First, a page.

The idea that a century or more of being a “subject people” is solely responsible for rough relations with Western society is pretty specious, given that more than half of the cultures in the world can be described in the same way. It doesn’t help, but there’s nothing particularly exceptional about the Arab or Muslim worlds in this regard.

One might say that to the extent that societies are not secularized, that any political differences of significance are bound to be religious in appearance. But that, I fear, misunderstands the secular mindset as a norm (and monolithic) and once again places the arguer in a position of self-defined superiority.

One possible argument for an essential cultural component to what’s going on is that Arab culture (and most others except ours) places a high priority on honor (or “face”). Disagreement is fine and healthy, but public insults are another matter. In America, we thrive on insults (giving more than getting, of course). I would hardly put that on the list of essential elements of our way of life, but it is a vibrant character trait/flaw.

I have no doubt that the history of Imperialism is terribly important and is material for resentment. From the American standpoint – and it is that standpoint which is of primary concern to me – we must find ways to “bridge the gap” with these societies, help with their disastrous youth-unemployment problems, and somehow desist from playing the role of regnant Imperialist power.

More and more, I think Sam Huntington had it right. This is one aspect of what he would have termed a “fault-line conflict,” which also helps to explain why it never goes away. Elites manipulate issues to gain and  retain power, and such a public clash of cultures (or civilizations) is an expedient means to do it.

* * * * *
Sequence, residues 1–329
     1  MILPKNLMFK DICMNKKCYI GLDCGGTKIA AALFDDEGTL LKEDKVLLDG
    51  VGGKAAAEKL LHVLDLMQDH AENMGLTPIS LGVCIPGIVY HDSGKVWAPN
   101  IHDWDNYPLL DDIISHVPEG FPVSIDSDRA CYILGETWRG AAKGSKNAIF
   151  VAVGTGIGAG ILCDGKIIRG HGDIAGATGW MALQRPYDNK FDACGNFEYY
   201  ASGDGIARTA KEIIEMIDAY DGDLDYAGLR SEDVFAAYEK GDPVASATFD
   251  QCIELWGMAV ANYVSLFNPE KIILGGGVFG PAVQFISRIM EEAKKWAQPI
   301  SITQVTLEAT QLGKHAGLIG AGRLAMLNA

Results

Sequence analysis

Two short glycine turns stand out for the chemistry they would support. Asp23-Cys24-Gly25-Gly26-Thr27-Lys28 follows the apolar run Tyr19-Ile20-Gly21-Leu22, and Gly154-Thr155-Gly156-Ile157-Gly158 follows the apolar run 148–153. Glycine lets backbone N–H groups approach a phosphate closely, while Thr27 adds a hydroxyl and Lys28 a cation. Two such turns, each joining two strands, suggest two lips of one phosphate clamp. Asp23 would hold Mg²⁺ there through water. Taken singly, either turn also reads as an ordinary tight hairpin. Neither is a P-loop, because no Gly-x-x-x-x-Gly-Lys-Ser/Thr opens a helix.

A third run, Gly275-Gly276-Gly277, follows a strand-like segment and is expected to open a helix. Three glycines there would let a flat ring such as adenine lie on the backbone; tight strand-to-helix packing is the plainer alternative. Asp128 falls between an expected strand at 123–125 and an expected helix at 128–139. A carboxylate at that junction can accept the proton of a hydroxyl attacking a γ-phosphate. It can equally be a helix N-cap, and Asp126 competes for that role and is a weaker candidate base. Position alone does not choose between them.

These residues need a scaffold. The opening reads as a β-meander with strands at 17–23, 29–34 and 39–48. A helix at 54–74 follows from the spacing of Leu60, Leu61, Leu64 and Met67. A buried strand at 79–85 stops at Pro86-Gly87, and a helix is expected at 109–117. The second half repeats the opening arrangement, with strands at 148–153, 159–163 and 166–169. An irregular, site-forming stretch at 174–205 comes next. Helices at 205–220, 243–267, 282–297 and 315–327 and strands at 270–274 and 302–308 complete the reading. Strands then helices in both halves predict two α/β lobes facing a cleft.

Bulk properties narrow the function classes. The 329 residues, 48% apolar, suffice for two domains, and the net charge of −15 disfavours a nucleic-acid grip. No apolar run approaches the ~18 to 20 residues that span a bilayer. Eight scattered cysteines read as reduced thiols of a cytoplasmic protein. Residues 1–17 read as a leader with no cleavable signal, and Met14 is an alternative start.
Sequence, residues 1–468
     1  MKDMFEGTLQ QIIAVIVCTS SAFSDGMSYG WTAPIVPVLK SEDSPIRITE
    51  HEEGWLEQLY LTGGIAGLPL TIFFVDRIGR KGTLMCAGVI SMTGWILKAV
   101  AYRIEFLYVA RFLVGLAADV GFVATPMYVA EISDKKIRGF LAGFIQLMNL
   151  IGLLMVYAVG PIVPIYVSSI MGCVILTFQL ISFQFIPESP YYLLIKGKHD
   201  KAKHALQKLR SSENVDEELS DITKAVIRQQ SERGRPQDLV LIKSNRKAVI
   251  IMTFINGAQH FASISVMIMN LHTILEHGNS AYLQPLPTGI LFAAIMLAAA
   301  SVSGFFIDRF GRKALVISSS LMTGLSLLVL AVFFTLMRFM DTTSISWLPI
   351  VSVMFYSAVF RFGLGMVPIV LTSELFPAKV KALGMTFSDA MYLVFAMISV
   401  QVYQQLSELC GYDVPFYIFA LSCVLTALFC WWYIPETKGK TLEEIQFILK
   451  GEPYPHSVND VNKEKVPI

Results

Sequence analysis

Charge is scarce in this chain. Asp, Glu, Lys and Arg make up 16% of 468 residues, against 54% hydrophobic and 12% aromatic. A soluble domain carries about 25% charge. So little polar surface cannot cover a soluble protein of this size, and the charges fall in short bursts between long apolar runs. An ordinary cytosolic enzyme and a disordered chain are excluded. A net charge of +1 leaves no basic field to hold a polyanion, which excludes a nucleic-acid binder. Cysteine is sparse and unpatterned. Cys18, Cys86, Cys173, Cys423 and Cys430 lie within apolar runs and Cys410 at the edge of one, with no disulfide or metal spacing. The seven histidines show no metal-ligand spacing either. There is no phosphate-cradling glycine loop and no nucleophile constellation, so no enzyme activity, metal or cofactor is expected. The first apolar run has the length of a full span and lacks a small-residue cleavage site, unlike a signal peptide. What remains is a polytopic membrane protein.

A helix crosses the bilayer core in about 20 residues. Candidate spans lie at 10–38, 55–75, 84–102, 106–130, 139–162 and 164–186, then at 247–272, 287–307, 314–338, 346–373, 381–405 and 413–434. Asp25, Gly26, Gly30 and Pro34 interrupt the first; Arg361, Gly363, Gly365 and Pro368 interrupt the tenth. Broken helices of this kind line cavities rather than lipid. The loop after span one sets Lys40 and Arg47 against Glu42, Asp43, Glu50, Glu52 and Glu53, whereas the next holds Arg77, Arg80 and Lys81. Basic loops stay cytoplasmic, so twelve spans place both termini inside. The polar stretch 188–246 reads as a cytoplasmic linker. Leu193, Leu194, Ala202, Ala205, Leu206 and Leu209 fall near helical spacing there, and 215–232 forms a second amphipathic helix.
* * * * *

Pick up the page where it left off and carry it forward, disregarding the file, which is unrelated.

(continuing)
So then, if not oriental thin-skinnedness, what are/were the protests about? How much is religious? How much political? As to the political: why?

I suspect that the attack in Libya wasn’t entirely linked to the anti-Muslim film that spurred on the Egyptian riots and which then spread to Pakistan and elsewhere. Of the others, who really needs a reason to protest the US? People have been deeply resentful of the US for decades. The yoke of empire sits heavy, and without a unifying story of a battle of good vs evil (the Cold War) to justify hegemony, it is not just heavy but unjust.

But it is far more complicated than that, of course.Tony Karon wrote a good overall assessment of the situation in Libya shortly after the attack. I think he overplays the danger in Libya and also doesn’t distinguish between different types of salafis; however, he does help to show the ways that elites manipulate issues in the region to their own advantage and he highlights the ways that the new political situation in Libya (and perhaps elsewhere) presents challenges and opportunities.

People don’t like the US. The US and Israel, in the local mindset, are responsible for every ill. That’s silly, of course, but also understandable to a degree. People in the region now have the physical ability to mobilize and act, where they couldn’t before under dictatorial rule. They also have the the encouragement to act, in that they’ve seen what collective action can bring.